The campaign, which was a finalist in the recent I-COM Data Creativity Awards, was also done on a limited budget. (For more details, read WARC’s report: AI and programmatic revive Shoe-d-vision.)
Morten Fisker Jørgensen, head of programmatic at Shoe-d-vision’s agency, GroupM Denmark, outlined how programmatic ad buying enabled the brand to home in on where shoppers were in relation to Shoe-d-vision stores, automatically determine what price the brand should be bidding for different online ad opportunities, and automate the buying process itself.
One consequence of this was that the marketing budget was drastically reshaped: just 4% went on programmatic in 2014; three years later the figure had risen to 37% and had become the largest single element of the budget.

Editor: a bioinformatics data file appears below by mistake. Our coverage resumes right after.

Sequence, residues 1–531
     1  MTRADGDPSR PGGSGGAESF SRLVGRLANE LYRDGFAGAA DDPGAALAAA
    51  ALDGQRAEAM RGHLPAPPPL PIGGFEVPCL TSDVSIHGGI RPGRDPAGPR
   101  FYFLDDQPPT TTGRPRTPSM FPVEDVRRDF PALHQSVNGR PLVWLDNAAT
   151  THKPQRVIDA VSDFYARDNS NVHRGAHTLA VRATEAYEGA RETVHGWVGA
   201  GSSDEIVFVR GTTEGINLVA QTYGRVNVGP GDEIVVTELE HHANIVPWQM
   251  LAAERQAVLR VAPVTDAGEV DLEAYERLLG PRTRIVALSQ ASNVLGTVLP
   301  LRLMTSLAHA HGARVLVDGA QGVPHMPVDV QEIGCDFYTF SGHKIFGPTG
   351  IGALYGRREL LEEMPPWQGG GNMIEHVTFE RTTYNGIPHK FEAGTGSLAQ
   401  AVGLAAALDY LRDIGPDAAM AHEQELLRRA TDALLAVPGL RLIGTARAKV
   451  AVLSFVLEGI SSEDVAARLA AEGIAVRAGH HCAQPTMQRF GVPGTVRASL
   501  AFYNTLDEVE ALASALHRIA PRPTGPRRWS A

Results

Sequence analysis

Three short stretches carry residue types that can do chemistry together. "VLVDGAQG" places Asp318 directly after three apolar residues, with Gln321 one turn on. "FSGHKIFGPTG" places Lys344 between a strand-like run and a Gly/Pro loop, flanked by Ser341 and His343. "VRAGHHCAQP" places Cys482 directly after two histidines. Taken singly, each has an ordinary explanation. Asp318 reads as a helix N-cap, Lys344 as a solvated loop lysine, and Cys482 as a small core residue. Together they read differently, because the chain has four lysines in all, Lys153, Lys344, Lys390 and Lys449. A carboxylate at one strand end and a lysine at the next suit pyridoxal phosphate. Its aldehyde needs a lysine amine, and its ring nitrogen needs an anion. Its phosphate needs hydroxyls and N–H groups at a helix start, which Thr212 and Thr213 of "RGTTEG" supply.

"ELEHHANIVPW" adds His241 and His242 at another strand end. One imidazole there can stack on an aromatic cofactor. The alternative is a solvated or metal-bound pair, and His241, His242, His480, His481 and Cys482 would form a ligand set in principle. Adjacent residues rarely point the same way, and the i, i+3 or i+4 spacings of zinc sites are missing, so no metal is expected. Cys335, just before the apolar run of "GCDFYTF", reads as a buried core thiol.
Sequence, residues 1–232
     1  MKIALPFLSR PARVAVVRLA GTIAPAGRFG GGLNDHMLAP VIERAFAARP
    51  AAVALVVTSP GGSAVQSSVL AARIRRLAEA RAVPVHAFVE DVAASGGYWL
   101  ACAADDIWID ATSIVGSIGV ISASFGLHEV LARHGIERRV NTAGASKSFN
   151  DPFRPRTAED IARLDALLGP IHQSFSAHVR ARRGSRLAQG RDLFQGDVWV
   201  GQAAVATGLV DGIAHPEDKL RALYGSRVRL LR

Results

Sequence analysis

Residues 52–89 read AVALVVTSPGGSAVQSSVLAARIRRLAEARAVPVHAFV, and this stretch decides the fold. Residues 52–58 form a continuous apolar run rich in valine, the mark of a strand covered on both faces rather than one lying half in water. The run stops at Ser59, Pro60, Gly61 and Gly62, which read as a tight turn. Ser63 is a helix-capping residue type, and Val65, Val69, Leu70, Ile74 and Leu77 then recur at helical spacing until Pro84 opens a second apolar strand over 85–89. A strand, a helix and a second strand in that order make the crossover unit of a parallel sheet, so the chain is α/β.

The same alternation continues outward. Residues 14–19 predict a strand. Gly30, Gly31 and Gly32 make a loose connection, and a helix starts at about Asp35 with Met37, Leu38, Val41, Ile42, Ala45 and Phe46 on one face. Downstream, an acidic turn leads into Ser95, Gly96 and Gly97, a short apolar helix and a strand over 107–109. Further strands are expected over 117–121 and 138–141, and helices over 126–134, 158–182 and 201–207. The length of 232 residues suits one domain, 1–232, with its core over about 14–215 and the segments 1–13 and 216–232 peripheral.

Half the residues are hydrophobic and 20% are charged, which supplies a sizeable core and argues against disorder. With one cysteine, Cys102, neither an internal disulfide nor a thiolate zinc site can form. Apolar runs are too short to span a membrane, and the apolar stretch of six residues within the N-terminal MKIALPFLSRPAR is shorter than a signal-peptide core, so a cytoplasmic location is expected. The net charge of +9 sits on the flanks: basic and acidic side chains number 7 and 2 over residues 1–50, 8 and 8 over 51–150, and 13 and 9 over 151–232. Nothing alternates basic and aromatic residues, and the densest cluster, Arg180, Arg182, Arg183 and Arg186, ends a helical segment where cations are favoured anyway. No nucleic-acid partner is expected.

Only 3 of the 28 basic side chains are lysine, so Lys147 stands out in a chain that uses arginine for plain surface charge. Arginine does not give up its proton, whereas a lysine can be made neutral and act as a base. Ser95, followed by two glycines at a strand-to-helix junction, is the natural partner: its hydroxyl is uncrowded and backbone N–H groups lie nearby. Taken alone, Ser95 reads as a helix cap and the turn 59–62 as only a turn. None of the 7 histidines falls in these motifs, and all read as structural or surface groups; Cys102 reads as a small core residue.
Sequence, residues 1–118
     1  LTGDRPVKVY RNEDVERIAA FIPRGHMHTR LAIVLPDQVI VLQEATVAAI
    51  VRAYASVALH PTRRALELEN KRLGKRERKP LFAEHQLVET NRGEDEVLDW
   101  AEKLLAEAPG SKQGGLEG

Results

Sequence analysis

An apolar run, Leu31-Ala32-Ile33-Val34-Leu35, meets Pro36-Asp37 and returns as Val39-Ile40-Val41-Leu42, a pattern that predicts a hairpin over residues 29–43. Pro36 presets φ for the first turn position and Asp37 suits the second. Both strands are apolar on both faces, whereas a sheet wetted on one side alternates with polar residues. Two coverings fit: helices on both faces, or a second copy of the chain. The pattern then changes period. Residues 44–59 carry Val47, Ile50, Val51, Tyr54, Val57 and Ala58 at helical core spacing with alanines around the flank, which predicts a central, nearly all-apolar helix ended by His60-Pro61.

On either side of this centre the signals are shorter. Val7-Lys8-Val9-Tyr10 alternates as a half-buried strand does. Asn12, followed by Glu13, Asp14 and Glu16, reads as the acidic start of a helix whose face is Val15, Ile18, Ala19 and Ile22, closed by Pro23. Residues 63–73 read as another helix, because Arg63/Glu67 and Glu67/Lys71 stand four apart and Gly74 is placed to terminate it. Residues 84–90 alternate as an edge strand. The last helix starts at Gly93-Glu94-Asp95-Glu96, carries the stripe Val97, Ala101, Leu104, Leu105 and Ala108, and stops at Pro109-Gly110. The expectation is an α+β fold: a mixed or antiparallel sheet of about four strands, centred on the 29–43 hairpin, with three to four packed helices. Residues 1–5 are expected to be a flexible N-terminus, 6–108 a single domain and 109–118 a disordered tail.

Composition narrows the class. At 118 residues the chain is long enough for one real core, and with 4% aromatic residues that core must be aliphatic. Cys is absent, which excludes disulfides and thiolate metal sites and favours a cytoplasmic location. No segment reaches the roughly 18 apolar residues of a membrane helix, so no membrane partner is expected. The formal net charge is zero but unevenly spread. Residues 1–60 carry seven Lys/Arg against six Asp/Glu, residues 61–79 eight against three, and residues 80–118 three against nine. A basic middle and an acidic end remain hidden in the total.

GroupM also recruited IBM Watson to help determine which ad content, promoting which particular shoes, should be served to each person who saw the ads.
“We could see that geography had an immense effect on the revenue, so we analysed all the cities in Denmark and Norway to figure out which cities were high value or lower value, and then prioritised our money that way,” Jørgensen explained.
Seasonality was also factored in via links with Weather Channel information. “This made sure we were promoting wellingtons whenever it rained, so we were as relevant as possible,” Jørgensen added.
He reported that programmatic is not only now the biggest channel in terms of allocation of marketing budget, “it’s also the most effective channel, with an ROI of 4.8” – a figure that steadily improved as dynamic algorithms got smarter.
Sourced from WARC